The Kaiser Family Foundation has prepared a new state-by-state snapshot of poverty among seniors which is a must-read for Washington politicians who might buy into the claim by some, like the Heritage Foundation, that Social Security benefits are "excessive". According to Heritage:
"Adopting the chained CPI (Consumer Price Index) in Social Security to more accurately account for changes in the cost of living is a small first step toward fixing a broken program that is currently accelerating its own demise by paying excess benefits."
The AARP Bulletin has the terrific summary of the Kaiser Senior Poverty report and what it means if Washington cuts Social Security benefits by adopting the Chained CPI.
Posted on 05/24/2013 by Tamara Lytle
Poverty levels are much higher for older Americans when you factor in how much they need to spend on health care, the Census Bureau has found.
Factoring in health care costs changes poverty statistics
While 9 percent or so of all Americans 65 and older were below the official poverty threshold in 2011 ($10,788 for an individual), 15 percent were below an alternative threshold that takes into account spending on health care.
The alternative measure also takes into account variations in the cost of living, taxes, whether a person receives food stamps, and whether a person is a homeowner, for example.
Now comes a report from the Kaiser Family Foundation that takes a state-by-state look at the alternative threshold (formally known as the “supplemental poverty measure”).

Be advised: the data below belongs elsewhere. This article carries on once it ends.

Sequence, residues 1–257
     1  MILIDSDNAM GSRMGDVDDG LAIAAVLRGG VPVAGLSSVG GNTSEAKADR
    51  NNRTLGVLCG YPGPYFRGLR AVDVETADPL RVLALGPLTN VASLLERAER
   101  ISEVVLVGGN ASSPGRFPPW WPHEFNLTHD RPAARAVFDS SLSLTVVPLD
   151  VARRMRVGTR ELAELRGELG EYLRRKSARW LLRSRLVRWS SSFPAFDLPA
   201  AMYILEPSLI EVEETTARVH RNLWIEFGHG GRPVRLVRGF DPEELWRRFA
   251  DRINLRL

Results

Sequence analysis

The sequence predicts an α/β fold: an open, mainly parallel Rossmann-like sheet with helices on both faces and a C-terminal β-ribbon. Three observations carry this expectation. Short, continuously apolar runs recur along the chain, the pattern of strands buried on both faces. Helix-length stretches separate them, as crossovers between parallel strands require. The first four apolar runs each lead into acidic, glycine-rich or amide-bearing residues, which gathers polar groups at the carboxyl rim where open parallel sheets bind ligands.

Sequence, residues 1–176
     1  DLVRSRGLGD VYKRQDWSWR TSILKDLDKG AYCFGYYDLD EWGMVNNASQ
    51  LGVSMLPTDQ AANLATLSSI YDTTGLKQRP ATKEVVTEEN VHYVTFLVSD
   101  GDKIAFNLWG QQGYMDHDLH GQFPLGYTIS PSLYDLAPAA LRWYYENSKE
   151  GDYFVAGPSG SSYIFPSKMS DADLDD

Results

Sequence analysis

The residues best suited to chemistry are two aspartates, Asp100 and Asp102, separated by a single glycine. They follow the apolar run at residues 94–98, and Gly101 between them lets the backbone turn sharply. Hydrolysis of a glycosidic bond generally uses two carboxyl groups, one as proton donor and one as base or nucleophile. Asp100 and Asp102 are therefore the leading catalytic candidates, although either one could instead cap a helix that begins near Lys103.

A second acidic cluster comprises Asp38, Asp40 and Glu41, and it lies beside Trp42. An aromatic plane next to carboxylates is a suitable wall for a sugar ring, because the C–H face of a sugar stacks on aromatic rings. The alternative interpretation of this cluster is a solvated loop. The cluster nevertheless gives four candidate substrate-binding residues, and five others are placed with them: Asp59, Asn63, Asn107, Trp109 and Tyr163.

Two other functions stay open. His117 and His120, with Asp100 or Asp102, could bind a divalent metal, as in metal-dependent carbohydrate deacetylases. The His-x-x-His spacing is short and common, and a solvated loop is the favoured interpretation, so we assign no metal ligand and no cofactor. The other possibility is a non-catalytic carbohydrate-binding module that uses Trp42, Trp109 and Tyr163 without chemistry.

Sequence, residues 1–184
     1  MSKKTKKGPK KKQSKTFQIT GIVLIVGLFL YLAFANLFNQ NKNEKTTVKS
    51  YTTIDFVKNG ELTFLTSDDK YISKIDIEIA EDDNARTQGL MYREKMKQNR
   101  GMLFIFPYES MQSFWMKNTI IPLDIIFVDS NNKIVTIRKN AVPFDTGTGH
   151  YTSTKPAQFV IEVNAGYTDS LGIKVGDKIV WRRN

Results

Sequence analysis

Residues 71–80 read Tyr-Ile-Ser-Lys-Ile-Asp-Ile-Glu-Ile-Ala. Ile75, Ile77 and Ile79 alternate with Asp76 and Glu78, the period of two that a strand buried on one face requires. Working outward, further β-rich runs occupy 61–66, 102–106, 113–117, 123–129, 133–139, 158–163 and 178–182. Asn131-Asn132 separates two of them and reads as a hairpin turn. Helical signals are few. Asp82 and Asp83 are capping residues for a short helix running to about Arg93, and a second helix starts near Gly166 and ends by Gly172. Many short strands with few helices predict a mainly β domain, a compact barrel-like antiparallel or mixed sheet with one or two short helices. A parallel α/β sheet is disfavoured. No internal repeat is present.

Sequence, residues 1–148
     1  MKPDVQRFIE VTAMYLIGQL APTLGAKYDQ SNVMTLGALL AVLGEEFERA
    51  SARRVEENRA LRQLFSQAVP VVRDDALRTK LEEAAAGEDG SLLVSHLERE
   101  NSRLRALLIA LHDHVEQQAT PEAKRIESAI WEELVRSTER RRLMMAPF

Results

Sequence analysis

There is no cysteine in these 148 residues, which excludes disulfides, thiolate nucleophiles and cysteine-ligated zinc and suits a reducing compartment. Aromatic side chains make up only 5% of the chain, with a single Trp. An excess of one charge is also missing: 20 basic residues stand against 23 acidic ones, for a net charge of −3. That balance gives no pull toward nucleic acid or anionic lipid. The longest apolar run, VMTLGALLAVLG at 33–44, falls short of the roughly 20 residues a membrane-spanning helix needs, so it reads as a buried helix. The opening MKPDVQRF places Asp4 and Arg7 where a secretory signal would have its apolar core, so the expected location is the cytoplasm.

It finds that the share of older Americans living in poverty is higher in every state under the alternative measure, and at least twice as high in 12 states: California, Colorado, Connecticut, Hawaii, Massachusetts, Maryland, Minnesota, New Hampshire, New Jersey, Nevada, Wisconsin and Wyoming. In five states (California, Hawaii, Louisiana, Nevada, Georgia and New York) and the District of Columbia, roughly one of every five residents 65 and older are living in poverty, the report says.
Politico notes that there’s a political context to the Kaiser report: “The Kaiser brief says it’s meant to provide context for the many spending proposals being tossed around — particularly those that focus on shifting costs in Medicare and paring down Social Security benefits. It also notes that adopting ‘chained CPI,’ which slows the growth of Social Security benefits, would most likely make for higher poverty rates for older seniors across both census measures.”